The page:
Community, culture and education all have a role to play when it comes to building a successful inclusion and diversity programme. By Matthew West, SSE Enterprise Telecoms, part of the inclusion and diversity working group
Having studied Sociology and Politics at university, I’ve always had a deep interest in the role governance plays in how societies function and evolve. While my career took me in the direction of IT, and later Telecommunications — which I’ve immensely enjoyed — when the opportunity arose to be a key part of the inclusion and diversity (I&D) team at SSE Enterprise Telecoms, I jumped at the chance.
In the past few years, organisations of all sizes have been open to scrutiny (and rightly so) when it comes to I&D, and telcos are no different. We’ve seen companies openly reporting on numbers that often admittedly reflect a lack of diversity in their businesses, pledging to reach certain targets by a specific date. That’s a bold approach, and recognition of the challenge at hand, but I think it’s important to go a step beyond the numbers. Yes, they’re important, but driving real change is only really possible by focusing on four key pillars: community, culture, education and training.
It’s more than just data
It’s important, of course, to understand the make-up of your organisation in order to get a sense of just how inclusive or, in particular, diverse the business is. This can help you set goals, identify areas of focus and give your I&D drive a clear strategy. But relying too heavily on that data alone and striving to make it tell a better story is perhaps a missed chance to use an I&D agenda as a real opportunity for change.
The business benefits of setting an approach to I&D that goes far beyond the headline stats are clear; greater market competitiveness, higher corporate reputation, better talent recruitment and, according to 85% of CEOs, improved company performance.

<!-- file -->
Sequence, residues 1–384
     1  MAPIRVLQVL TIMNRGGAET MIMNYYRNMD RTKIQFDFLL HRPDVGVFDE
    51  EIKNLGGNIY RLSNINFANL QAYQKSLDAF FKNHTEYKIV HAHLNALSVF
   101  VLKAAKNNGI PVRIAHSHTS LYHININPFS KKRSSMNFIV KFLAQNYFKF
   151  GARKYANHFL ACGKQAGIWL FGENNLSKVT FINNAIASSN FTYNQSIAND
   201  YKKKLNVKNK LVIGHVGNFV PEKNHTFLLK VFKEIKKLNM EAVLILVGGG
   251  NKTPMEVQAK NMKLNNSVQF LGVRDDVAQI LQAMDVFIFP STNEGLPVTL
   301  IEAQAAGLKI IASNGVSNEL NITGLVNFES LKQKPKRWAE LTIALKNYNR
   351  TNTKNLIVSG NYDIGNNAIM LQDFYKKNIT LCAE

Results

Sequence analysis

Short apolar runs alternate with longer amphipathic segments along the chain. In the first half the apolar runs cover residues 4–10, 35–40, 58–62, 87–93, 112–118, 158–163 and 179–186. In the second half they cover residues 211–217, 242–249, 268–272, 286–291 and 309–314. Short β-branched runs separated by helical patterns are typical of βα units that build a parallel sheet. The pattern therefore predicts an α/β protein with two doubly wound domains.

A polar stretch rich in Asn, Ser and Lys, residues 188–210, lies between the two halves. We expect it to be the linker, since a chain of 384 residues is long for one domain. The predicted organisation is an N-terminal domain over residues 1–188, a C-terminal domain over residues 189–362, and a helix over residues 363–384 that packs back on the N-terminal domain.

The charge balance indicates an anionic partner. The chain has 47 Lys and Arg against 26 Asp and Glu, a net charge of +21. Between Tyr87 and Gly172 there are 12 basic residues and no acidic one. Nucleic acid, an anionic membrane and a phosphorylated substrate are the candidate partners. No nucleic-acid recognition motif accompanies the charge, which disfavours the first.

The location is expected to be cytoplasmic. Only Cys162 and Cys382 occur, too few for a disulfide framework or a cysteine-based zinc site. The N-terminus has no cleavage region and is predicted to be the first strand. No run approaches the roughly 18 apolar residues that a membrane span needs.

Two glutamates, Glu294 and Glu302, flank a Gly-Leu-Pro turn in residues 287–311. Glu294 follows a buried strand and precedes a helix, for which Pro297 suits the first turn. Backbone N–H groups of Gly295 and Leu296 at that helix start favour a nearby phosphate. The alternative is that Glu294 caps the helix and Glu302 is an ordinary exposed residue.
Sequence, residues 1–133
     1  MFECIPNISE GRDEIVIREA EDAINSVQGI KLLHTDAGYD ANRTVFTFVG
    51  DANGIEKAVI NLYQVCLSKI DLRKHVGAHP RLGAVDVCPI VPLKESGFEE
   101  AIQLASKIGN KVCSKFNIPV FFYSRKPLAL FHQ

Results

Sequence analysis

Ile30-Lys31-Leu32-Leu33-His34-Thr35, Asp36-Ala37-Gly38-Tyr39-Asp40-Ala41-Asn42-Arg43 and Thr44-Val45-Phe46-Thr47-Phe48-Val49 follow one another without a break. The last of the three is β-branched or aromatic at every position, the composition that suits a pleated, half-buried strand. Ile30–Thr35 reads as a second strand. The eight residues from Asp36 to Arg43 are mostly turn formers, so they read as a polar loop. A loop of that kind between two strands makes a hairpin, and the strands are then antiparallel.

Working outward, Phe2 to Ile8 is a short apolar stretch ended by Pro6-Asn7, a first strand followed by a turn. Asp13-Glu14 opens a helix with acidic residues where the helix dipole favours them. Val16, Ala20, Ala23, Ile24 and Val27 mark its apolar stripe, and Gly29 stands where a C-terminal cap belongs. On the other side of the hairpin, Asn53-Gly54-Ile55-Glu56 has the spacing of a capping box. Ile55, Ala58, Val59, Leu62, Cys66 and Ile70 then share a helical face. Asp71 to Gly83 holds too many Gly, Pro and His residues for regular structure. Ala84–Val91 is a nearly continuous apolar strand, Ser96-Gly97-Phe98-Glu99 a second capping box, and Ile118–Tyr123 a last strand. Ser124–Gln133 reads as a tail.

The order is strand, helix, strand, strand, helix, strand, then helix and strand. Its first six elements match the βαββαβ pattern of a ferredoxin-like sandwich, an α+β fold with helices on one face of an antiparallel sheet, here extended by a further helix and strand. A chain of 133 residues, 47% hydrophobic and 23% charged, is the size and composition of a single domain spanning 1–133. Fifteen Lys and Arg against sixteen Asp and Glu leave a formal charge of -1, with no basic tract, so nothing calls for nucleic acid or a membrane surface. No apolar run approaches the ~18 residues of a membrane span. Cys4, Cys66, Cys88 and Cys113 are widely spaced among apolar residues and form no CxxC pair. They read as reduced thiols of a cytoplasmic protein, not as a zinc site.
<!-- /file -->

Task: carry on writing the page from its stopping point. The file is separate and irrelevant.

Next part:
But to get there you have to truly understand how people interact with one another. The best way to do that is to have voices from across the business telling you how it is. Having an I&D steering group that covers all levels and backgrounds can truly inform your approach by telling you exactly what’s needed.
Community and culture
Communities are fundamental to inclusivity and are particularly important during a time when we are all working remotely. As in society as a whole, the most effective communities are those built around common interests, beliefs or knowledge. Inside a company, communities enable people to make connections across departments, levels and geographies and they are fundamental to instilling a sense of inclusivity for people who perhaps don’t feel like they have other shared interests with their immediate team.
Something we introduced last summer, led by one of our colleagues, Michael Hector, was a virtual café that encouraged people of all levels to have a coffee and chat about health and wellbeing. It was a starting point to break down silos and to help people feel more involved — and something we are looking forward to building on.
By enabling communities to take shape and by giving everyone the opportunity to take part, or even spearhead these groups, you are taking the right steps in promoting a more inclusive culture within your organisation.
Education and training
Essential to driving cultural change of any kind, but in particular around I&D, is education and training. The truth is, many people simply don’t know enough about different backgrounds to fully appreciate and celebrate them. To really say you have a diverse organisation can’t purely be based on the numbers, it’s about the experiences of those within the organisation and how much they feel understood and appreciated based on their differences.
One way we are attempting to do this is to provide the opportunity for traditionally underrepresented groups to educate their colleagues through hosting lunch-and-learn sessions or delivering new content; a recent example being one of our engineers who wrote a piece on Ramadan while having a very physical job and being in lockdown. By being able to share his experiences, this not only gave him, and other Muslims, a platform to discuss their culture with everyone in the organisation, but it drove the education of others.
Focusing on the human element of I&D, not solely on the statistics, is much more likely to actually improve how your employees think and feel and will drive lasting change that will benefit everyone. That’s the ultimate goal. There’s a lot the industry needs to achieve and I’m hoping to help drive that with the team at SSE Enterprise Telecoms.